Saturday, 20 May 2017 16:55

Did a mysterious Lost & Found folder just appear on your Mac? It could mean trouble

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Macworld

Joseph Pierpoint discovered a folder in his Trash labeled “Lost & Found.” When he opened it, he found it contained over 50,000 files. Worse, “Any attempts to send these files to the Trash are thwarted by interruptions that state that this kind of solution is infeasible for one reason or another.”

The Lost & Found folder relates to a low-level Unix filesystem-recovery utility. When fsck (filesystem check) runs, it looks not just at files that appear properly referenced in a filesystem’s directory, but also at anything it finds that looks like a file but isn’t appropriately noted in that record structure. In Unix, it stores these recovered bits in a folder named lost+found. macOS exposes recovered files in Lost & Found, and drops it in the Trash because these items typically aren’t useful, but it doesn’t delete them in case a user wants to examine what was recovered.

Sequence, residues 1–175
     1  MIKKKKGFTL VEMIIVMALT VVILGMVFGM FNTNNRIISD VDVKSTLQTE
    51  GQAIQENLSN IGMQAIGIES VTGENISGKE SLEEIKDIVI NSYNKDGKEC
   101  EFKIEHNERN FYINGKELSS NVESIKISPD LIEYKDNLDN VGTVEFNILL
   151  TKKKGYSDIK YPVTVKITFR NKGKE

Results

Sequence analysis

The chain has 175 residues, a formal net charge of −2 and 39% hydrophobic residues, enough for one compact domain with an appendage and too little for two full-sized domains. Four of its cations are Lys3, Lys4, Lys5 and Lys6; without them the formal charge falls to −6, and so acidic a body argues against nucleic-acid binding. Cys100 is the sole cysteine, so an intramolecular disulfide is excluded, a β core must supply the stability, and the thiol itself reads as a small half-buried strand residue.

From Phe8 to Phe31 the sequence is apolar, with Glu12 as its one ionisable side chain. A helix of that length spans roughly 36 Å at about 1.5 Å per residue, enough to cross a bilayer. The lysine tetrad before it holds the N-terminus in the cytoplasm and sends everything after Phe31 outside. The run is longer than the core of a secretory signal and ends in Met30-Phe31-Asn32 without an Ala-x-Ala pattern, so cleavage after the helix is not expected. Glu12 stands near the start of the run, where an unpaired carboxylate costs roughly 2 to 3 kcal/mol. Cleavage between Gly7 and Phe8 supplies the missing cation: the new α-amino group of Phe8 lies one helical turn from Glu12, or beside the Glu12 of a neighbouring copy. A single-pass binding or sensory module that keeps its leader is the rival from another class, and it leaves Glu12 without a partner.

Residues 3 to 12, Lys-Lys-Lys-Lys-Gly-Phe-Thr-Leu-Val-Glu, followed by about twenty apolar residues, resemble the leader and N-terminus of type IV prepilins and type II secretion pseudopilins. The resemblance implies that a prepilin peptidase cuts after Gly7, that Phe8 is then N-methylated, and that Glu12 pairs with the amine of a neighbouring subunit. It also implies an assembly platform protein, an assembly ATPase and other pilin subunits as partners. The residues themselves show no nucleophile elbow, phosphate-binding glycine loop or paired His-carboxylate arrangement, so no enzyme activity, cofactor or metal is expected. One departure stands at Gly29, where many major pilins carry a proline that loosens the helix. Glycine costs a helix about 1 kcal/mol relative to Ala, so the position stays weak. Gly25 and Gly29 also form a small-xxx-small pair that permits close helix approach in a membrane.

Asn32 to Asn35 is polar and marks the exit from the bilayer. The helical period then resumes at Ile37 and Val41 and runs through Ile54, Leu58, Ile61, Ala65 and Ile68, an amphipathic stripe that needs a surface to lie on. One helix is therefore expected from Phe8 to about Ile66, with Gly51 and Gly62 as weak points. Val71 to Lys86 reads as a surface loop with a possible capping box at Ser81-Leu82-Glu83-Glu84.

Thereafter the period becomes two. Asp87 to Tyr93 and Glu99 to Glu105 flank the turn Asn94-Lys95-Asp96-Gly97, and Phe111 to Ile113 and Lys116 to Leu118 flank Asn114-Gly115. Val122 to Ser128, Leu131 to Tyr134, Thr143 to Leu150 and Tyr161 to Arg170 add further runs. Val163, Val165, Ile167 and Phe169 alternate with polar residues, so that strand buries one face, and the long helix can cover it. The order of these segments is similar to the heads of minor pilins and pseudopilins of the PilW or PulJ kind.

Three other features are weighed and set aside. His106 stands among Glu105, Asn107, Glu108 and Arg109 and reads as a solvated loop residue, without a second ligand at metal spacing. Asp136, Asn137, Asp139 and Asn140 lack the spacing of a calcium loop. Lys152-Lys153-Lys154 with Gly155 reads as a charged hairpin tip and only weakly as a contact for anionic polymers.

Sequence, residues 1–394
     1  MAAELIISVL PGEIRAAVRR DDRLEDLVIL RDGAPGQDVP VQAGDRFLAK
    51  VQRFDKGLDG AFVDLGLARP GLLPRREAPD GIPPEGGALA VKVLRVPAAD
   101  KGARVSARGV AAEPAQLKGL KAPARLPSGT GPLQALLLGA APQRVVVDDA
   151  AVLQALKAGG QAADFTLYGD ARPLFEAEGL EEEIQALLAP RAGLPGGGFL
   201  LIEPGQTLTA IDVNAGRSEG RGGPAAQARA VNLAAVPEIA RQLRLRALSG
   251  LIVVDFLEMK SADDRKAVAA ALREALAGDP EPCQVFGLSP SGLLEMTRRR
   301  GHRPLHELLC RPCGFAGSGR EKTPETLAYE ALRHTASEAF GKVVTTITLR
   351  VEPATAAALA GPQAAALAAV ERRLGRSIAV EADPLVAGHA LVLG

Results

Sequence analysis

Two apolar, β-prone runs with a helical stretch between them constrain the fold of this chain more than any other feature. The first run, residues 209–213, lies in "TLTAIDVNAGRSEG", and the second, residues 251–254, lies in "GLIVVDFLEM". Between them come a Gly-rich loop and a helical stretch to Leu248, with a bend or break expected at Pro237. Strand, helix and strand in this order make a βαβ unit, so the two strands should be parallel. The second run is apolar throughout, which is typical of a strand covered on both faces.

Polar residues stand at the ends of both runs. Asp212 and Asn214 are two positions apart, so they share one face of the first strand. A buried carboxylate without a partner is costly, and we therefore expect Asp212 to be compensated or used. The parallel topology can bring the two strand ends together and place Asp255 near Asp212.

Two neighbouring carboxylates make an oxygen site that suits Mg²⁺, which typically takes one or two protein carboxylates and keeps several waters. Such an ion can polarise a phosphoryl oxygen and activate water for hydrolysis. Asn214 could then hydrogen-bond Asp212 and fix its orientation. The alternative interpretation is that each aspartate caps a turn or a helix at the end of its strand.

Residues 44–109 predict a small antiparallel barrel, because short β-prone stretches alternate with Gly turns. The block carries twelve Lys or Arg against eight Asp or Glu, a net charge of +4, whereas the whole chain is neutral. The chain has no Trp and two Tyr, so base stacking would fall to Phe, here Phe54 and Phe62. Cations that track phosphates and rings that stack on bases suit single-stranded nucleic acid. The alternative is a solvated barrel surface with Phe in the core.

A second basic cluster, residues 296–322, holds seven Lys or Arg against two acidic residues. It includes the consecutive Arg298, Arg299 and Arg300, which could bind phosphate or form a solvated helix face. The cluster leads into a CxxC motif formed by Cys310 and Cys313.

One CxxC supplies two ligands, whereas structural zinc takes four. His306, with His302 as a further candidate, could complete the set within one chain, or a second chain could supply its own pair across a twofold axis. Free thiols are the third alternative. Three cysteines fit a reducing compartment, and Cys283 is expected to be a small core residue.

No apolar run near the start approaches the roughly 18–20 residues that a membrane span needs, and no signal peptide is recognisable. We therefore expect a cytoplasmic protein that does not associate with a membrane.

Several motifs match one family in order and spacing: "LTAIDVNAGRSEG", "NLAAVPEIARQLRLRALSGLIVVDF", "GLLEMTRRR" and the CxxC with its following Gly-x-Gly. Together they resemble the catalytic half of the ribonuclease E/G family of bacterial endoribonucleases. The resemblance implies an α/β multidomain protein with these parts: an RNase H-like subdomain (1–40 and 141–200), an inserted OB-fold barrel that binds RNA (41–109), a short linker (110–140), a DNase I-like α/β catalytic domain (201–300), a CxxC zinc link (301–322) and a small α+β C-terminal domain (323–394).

The “journaled” part of Apple’s HFS+ Journaled disk partition type refers to tracking and recording changes so that they can be applied later if there’s a failure while they’re being made directly. In this case, it’s macOS updating the HFS+ directory. If something goes wrong while that’s happening, before the Journaled format, if you’re as old as I am, you might recall having to run repair operations that could take tens of minutes or hours to rebuild directory structures.

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Did a mysterious Lost & Found folder just appear on your Mac? It could mean trouble published on
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SPEEDEE

SPEEDEE spends his day searching the internet for the information you need to better use your Mac, iPhone, iPad, Apple TV, Apple Watch and all else Apple.

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